Btrfs System Rollbacks In Fedora 13
Written by Michael Larabel in Software on 16 April 2010. Page 2 of 2. 11 Comments

Once the file-system snapshot plug-in is installed for yum, once any package transactions take place from there on out it will create Btrfs snapshots. Each of the Btrfs snapshots are then named yum_<time-stamp> and when the default sub-volume is mounted, they can be found as yum_<time-stamp> sub-directories of the root file-system. Unfortunately, that is where the Fedora 13 support for system rollbacks ends.

Planned to make for a polished system rollback experience is pushing support for choosing Btrfs snapshots to mount via GRUB and the GNOME Disk Utility. This way if something goes wrong during the boot process of the newly installed or upgraded yum packages, the user can simply reboot the system and then choose a different snapshot to boot from the GRUB2 boot-loader. Unfortunately, this did not make the cut for Fedora 13 so users will need to wait until at least Fedora 14.

Support within the GNOME Disk Utility / Palimpsest for Btrfs would allow picking a snapshot and then the next time the file-system is mounted, it would switch to that snapshot seamlessly. This also is not to be found in Fedora 13, but will hopefully be integrated upstream for GNOME 3.0 and then found in Fedora 14. There has also been talk of integrating similar capabilities into the Nautilus file-manager and even with slider support for rolling back the file-system (similar to the support found with the ZFS file-system on recent releases of OpenSolaris), but this too had not yet materialized.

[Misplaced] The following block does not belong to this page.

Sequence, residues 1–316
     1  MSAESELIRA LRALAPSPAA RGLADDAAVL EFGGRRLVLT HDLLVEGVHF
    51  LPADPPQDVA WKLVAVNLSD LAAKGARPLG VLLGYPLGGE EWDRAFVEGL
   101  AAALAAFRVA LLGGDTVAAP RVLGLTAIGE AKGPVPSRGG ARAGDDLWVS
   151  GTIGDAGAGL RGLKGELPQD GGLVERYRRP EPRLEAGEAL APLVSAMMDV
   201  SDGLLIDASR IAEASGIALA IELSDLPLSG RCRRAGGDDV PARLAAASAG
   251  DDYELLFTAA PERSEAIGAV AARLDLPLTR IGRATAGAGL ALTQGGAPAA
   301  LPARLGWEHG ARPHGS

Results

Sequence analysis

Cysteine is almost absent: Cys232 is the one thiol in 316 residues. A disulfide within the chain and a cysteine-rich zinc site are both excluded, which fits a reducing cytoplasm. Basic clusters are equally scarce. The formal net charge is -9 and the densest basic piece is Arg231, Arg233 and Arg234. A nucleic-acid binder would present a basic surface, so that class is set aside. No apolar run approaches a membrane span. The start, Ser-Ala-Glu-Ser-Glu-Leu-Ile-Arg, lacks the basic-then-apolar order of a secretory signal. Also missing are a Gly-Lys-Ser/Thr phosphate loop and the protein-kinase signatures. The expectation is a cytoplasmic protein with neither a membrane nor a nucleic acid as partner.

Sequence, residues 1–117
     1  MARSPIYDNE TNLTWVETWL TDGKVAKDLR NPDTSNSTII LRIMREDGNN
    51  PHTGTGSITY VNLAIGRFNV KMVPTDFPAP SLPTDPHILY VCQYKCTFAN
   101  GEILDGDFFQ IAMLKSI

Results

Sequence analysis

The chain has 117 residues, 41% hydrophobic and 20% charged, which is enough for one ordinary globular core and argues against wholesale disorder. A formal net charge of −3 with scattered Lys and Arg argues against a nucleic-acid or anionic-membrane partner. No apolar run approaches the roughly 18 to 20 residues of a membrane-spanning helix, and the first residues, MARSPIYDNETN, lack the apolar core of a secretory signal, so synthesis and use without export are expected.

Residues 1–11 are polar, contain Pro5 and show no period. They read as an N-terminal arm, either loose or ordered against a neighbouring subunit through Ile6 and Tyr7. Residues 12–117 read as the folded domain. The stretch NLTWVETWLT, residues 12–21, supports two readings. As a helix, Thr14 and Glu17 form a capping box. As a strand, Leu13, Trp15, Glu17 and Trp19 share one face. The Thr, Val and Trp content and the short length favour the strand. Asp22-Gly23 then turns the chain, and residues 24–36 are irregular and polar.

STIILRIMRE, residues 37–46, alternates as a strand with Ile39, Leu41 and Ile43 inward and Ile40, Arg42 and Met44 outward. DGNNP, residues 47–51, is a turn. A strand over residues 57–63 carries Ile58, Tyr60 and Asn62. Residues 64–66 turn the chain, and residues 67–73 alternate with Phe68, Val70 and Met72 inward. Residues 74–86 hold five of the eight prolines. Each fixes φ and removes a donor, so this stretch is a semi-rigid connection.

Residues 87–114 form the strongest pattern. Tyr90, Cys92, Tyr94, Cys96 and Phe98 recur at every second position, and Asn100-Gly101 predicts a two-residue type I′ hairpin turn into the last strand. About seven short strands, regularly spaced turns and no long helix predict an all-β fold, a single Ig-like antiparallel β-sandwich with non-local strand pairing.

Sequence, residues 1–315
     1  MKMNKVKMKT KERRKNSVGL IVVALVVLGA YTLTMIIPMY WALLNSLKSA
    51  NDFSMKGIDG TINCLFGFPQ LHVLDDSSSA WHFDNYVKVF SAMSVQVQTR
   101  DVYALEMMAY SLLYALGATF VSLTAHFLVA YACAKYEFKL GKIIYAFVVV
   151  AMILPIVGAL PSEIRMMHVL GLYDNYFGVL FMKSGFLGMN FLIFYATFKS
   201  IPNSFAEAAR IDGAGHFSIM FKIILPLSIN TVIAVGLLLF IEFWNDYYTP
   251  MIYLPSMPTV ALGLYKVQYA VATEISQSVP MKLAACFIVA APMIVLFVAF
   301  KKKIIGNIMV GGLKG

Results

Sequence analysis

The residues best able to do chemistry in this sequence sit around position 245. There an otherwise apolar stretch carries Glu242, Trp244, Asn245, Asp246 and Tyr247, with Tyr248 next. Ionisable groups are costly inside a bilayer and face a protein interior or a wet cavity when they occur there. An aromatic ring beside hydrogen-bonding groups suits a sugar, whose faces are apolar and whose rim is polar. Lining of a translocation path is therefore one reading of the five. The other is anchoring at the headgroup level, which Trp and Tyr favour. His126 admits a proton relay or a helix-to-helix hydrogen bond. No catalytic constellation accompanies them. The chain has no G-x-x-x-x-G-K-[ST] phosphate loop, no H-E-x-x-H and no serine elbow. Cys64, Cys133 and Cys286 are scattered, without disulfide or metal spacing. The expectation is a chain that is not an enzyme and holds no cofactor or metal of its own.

While there isn't yet any graphical support for switching Btrfs snapshots, a different snapshot / sub-volume can be mounted using the subvol mount option, such as mount -o subvol=yum_20100414183435 /dev/sda1 /media/disk. New snapshots can also be created at any point using the btrfs ctl -s <snapshot-name> command. It is too bad though that a full-blown system rollback support feature could not be completed in time for Fedora 13, but that leaves something to look forward to for Fedora 14 later this year. Hopefully by the time this work is completed the Btrfs file-system will have matured a bit more, received more performance optimizations, and in a state to be more widely adopted.

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Michael Larabel is the principal author of and founded the site in 2004 with a focus on enriching the Linux hardware experience. Michael has written more than 10,000 articles covering the state of Linux hardware support, Linux performance, graphics drivers, and other topics. Michael is also the lead developer of the Phoronix Test Suite, Phoromatic, and automated benchmarking software. He can be followed via Twitter or contacted via

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